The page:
Mosquito season is here: More than a third of states have detected West Nile virus

NBC News

There have been nine confirmed cases of West Nile virus so far this year. Disease experts have warned that the illness appears to be circulating more than usual during this time of summer.

As of June 25, the Centers for Disease Control and Prevention (CDC) had confirmed human cases in at least seven states: Arizona, Arkansas, Kansas, Maryland, Michigan, Mississippi and Tennessee. At least 18 states have detected the virus this year in humans, mosquitoes, birds or other animals.

Five of the reported human cases were neuroinvasive, meaning people developed severe illness such as inflammation of the brain or the membranes surrounding the brain and spinal cord. This can lead to disorientation, vision loss, coma or paralysis. In rare cases, it can be fatal.

There are no vaccines or treatments for West Nile virus, so people with severe infections usually receive only supportive care, such as fluids or pain relievers.

About 8 in 10 people infected with West Nile virus have no symptoms. A smaller number may develop fever accompanied by headache, body aches, joint pain, vomiting, diarrhea, or rash. These symptoms can often be confused with those of other viruses, so most cases of West Nile are never diagnosed.

The United States records hundreds to thousands of cases each year, with most reported in August and September.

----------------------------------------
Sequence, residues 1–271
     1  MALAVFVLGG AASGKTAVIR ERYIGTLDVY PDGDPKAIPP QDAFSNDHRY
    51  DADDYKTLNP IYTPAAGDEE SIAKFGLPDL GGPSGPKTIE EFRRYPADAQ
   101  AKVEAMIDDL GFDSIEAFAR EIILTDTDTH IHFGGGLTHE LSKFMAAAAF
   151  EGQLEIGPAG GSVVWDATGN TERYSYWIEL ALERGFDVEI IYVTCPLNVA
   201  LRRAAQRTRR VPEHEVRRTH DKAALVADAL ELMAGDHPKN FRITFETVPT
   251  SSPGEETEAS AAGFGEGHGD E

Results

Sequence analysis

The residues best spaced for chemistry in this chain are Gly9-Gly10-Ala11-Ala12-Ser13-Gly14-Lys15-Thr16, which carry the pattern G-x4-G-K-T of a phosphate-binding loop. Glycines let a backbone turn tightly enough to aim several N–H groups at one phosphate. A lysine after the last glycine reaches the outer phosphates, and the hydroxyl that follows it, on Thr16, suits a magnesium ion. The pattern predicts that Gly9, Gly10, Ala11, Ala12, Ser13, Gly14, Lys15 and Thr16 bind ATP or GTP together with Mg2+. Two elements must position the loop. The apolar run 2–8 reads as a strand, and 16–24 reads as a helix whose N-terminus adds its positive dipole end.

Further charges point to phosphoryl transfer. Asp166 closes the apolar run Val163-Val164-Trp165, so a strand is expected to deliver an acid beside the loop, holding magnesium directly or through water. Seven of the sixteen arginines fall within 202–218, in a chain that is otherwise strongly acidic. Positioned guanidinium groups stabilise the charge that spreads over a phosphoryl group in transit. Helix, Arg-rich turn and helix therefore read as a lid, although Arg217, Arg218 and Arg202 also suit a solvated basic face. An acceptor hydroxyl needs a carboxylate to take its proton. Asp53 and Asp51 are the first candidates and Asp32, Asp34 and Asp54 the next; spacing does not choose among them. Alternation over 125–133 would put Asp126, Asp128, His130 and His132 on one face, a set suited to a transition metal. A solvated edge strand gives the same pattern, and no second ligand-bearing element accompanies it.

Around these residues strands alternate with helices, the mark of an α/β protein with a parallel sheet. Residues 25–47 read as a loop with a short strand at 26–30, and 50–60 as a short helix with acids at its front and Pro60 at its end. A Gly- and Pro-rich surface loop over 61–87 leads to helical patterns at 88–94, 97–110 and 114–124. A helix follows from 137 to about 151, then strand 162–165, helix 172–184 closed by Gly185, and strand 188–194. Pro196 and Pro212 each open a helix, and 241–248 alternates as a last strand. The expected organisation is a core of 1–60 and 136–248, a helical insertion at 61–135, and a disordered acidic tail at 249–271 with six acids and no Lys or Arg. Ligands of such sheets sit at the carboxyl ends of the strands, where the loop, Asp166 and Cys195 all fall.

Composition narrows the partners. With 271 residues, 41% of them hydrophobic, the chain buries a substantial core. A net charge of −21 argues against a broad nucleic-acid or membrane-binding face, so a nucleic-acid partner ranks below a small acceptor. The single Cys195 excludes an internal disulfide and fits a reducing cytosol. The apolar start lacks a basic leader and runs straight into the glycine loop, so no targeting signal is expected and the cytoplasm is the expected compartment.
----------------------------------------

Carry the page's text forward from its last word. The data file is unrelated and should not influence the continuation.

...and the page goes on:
“We’re seeing West Nile virus (WNV) activity earlier this year, so it’s really important for everyone to take steps to protect themselves and their families from mosquito bites,” CDC press officer Kate Fowlie said in a statement. “WNV tends to be unpredictable and varies from year to year, so we don’t know specifically how this year will compare to others.”

The impact of climate change

Rising global temperatures due to climate change have increased human exposure to West Nile virus, as mosquitoes can reproduce faster, bite more, and survive for longer periods. Climate change has also expanded mosquito habitats.

“For a number of species, there are pretty strong trends that populations are growing earlier in the year than they were decades ago,” said Scott Weaver, director of the Human Infection and Immunity Institute at the University of Texas Medical Branch.

“If it’s a warm winter, more will survive the winter,” he said. “And secondly, if the spring is warm, they will start multiplying earlier in the year.”

These factors have also fueled the rise of other mosquito-borne diseases, such as dengue, in the United States. The CDC issued a warning late last month that the country was seeing an unexpectedly high number of dengue cases: The agency had recorded nearly 2,400 cases as of Tuesday, compared with about 3,000 cases for all of last year.

Weaver said mosquitoes carrying West Nile virus tend to be more active in central states like Texas or Colorado, as well as in rural areas with lots of farmland. Areas with cooler temperatures, like the Northwest, don’t have as much West Nile virus activity, she added.

“If the temperature is not warm enough, it takes too long for the virus to replicate in mosquitoes and transmit efficiently,” Weaver said.

The CDC’s count for West Nile cases this year is likely an undercount, as several states have reported additional human cases in recent weeks.